Allison Katz was born in 1980 and is a Canadian Artist, currently living and working in London. Katz has been described as lacking in a particular style of painting or using on-going themes, it is quite the opposite of this actually that gives Katz her own characteristic style. Katz paints a whole range of different subject matter avoiding any narrative or continuity yet it is in this jumbled assortment that Katz finds her coherence. Some images do appear more often in Katz work and one of which is her use of silhouettes. Looking at Katz’ work more closely I landed on the below image to delve into a little deeper.
The above image on the surface is a close up of quite a vibrant looking cabbage, yet when we look closer and as the title dictates we notice Philip in the corner, wearing his spectacles and gazing seemingly at this big beautiful cabbage. Katz painted a series of paintings including the cabbage as the centre piece and the silhouette off to one side. I was encouraged to look at Katz’ work following my submission of Collection Painting in which I chose to paint a selection of fruit and vegetables, in quite a traditional sense. Katz has painted the cabbage realistically and traditionally yet Katz also introduces us to Philip, an unknown person seemingly gazing at the cabbage.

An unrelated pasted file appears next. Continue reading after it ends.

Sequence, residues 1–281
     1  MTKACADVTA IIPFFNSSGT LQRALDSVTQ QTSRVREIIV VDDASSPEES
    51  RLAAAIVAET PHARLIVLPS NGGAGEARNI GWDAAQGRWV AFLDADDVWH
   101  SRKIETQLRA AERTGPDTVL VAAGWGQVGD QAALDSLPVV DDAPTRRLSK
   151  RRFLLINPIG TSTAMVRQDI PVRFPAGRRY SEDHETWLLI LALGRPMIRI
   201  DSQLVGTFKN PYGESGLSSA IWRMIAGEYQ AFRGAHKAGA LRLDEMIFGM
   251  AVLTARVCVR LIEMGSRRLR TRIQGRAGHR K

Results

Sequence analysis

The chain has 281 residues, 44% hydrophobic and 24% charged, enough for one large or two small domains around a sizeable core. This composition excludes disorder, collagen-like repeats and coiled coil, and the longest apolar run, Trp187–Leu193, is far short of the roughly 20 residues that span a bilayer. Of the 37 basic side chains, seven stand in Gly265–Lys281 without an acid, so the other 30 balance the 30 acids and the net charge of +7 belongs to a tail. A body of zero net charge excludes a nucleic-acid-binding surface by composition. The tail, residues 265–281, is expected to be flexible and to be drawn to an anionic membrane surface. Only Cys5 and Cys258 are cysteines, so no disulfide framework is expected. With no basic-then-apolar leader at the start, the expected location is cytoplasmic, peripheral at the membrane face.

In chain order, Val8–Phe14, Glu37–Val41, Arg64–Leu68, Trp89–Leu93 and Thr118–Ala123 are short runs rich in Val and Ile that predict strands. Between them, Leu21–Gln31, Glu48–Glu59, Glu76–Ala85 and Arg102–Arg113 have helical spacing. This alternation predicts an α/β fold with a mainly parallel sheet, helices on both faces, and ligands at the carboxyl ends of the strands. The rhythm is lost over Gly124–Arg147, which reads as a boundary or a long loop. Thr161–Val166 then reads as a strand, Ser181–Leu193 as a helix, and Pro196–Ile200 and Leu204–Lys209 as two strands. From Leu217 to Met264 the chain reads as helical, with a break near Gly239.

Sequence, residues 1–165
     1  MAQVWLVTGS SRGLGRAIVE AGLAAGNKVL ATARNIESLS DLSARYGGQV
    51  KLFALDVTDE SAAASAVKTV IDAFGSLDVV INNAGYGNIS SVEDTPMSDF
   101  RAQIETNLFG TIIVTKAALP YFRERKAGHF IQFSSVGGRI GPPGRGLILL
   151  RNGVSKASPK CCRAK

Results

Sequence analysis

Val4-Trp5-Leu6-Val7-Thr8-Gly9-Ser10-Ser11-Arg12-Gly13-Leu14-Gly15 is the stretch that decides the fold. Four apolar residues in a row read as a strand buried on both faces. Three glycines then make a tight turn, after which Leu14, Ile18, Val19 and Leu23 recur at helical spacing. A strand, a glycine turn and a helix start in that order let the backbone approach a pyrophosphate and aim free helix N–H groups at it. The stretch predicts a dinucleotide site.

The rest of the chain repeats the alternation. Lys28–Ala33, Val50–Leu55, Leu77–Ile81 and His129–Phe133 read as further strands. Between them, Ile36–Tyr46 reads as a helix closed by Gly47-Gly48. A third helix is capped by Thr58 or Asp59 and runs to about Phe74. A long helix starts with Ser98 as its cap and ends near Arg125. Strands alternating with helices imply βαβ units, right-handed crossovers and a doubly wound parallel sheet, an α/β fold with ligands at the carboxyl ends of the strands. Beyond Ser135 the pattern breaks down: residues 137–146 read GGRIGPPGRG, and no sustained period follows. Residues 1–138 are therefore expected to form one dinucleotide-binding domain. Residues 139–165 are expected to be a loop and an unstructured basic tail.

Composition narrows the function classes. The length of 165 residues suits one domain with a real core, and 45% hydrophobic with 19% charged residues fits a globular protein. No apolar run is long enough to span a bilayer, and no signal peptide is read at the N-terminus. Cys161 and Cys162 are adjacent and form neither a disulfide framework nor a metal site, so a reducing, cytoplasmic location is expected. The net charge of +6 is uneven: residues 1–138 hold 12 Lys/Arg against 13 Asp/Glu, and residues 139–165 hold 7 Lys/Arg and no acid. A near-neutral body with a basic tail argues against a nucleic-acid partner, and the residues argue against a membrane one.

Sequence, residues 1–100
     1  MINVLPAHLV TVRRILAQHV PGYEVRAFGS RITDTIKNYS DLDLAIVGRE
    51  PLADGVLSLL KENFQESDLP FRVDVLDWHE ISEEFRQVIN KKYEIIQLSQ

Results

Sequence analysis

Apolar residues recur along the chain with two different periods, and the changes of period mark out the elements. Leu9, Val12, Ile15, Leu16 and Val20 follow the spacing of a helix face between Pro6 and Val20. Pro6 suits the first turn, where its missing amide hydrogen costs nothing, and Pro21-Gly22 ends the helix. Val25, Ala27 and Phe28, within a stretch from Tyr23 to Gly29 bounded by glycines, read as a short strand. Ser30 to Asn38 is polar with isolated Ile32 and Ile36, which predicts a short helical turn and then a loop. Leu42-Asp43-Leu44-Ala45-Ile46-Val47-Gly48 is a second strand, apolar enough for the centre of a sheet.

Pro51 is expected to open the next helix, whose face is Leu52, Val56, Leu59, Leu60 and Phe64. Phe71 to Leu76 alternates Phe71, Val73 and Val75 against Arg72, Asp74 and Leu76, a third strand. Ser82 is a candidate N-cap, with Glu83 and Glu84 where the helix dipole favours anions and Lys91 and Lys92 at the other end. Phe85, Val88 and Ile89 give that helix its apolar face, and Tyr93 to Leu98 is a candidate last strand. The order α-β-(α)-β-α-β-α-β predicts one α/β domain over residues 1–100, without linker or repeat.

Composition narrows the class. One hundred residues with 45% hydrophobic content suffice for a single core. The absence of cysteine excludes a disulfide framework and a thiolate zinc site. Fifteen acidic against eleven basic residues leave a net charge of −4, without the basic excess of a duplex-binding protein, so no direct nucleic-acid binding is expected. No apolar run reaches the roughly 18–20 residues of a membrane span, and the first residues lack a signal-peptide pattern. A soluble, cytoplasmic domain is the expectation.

I decided to use this artist research as an opportunity to try and get to grips with oil painting and decided to work in layers building up the oils gradually. I began with quite a thinned oil to map out the shapes and contours, and then building up with more colour as I continued.
Comparing my painting to the works of Katz I can see where actually I haven’t built up enough oil paint through the use of layers or perhaps by over-thinning my oils with turpentine. The background looks rather streaky and grainy whereas Katz’ warm toned background is rather opaque, allowing the portrait of ‘Philip’ to stand out quite nicely against the cabbage. I have also not depicted the cabbage in Kat’s painting as accurately as I could have, as the base is rather skinny in my painting as opposed to Katz’ quite stocky bottom. I wonder if instead of looking at the original work I was actually painting from memories of seen cabbages and painted this instead. There is also a vibrancy to Katz’ painting which mine is lacking. I think this is due to the colour palette I had chosen as well as the use of turpentine which has been used to clean brushes previously, there is a murkiness to the painting caused by this.